made it back without a knife attack and promptly went to our separate tents, but I couldn’t shake the thought of an escaped convict coming to hold us hostage. Just as my efforts to fall asleep were succeeding four creatures, two on our side of the river and two on the other barked loudly to each other. Then, within moments one was on the complete other side of our site and it began to make another sound. It made a small screech like a door swinging open and then would let out, “ARPGH!” It moved too quickly and silently across the night’s void to travel by land, but birds don’t bark. Earlier I had wondered what the evolutionary advantage it was for a caterpillar to glow. Based on my mesmerized state I joked that it was to lure humans and distract them so inter-dimensional dragons could feast on the stupified humans and shed their dead scales onto the caterpillars who would collect it all with their hairy spindles. “Kreeeeeak…ARPGH!” came from the trail entrance to our camp.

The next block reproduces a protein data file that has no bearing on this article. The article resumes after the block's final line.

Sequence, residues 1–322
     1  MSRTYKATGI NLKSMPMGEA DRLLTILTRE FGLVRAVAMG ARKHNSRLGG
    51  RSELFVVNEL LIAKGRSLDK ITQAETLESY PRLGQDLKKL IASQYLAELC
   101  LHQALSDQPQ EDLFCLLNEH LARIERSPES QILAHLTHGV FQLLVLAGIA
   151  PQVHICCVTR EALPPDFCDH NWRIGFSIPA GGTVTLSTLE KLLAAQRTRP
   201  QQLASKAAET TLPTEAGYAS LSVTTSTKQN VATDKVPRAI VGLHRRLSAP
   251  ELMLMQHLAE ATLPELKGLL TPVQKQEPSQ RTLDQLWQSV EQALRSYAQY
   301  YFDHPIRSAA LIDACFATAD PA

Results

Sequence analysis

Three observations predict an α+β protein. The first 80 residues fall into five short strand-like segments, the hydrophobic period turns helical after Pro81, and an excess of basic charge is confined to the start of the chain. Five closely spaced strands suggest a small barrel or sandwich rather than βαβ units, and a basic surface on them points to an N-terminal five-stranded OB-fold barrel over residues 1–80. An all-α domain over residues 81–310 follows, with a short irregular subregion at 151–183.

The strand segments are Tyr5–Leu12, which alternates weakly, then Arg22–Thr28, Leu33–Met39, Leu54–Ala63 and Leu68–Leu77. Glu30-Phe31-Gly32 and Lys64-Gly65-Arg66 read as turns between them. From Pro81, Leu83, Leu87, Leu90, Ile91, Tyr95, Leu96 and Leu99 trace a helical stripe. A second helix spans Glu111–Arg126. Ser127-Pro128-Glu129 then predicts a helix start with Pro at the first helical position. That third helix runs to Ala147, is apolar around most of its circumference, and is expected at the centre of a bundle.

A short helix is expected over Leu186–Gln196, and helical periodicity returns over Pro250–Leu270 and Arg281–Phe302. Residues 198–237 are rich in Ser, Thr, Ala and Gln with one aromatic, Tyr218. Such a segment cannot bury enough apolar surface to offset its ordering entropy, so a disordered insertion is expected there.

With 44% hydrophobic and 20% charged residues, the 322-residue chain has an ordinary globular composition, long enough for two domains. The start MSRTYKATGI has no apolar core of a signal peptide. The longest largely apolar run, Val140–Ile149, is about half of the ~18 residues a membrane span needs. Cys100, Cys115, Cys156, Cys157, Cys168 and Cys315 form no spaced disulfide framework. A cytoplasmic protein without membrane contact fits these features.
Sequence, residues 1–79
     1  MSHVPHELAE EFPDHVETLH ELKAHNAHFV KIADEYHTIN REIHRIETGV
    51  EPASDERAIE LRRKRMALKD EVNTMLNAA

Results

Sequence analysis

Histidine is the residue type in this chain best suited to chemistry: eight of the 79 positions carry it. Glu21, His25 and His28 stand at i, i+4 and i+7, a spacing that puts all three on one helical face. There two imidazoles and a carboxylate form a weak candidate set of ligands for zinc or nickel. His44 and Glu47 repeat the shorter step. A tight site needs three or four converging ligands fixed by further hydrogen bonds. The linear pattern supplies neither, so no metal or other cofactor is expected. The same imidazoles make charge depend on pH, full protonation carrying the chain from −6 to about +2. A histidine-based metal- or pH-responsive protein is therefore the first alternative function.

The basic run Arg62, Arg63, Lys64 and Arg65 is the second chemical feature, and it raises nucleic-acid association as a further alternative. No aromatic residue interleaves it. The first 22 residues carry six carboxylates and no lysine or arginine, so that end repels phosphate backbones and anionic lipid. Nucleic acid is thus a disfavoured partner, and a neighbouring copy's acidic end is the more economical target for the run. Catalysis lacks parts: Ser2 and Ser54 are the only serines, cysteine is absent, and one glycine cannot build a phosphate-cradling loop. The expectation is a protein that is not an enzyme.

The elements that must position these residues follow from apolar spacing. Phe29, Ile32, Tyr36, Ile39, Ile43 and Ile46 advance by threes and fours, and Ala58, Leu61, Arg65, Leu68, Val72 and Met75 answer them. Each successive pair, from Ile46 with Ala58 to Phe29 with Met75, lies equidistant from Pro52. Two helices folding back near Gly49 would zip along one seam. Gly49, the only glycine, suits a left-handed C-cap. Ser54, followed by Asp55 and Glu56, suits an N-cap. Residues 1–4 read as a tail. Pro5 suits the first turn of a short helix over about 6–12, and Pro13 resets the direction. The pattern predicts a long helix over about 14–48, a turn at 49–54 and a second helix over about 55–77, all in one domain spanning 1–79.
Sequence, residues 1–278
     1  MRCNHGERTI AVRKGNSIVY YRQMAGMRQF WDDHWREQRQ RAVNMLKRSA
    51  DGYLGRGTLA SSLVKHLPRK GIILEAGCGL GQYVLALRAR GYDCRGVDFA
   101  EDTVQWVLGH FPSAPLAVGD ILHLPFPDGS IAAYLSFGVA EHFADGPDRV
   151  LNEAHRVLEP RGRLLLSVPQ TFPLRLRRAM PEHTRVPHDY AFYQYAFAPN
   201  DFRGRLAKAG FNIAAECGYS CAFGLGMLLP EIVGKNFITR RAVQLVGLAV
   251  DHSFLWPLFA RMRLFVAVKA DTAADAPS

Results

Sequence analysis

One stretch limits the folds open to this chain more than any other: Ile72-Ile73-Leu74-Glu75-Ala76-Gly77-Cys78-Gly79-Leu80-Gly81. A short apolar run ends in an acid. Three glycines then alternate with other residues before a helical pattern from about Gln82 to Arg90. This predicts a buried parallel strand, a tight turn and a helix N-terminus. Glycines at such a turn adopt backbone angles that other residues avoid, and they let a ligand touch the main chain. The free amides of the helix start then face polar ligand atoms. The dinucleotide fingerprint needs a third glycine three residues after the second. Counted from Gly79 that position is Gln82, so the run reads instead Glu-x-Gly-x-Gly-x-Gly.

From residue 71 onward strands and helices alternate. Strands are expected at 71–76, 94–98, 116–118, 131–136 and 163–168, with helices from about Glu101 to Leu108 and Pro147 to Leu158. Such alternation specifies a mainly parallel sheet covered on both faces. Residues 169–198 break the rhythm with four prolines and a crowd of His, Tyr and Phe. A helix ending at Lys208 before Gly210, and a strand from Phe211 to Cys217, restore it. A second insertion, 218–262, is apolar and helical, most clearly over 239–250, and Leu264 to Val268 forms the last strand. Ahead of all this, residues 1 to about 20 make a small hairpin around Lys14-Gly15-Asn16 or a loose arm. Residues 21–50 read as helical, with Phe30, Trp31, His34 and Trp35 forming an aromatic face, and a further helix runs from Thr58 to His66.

Day 7: There’s A Climb Ahead
I woke up super early to fetch my headlamp that I had left at the riverbed but still got off to a slow start. I was about a half-hour or more behind Andre and I could feel his impatience. I finally got all of my bags to my bike and loaded them on when I felt a loose screw on my rack. Actually, it was completely out. I tried to put another one in but it was not working and I didn’t want to deconstruct the bike on the side of the road. I gave up, not wanting to hold Andre up any more. Once we got coffee though, I got it fixed and all was well.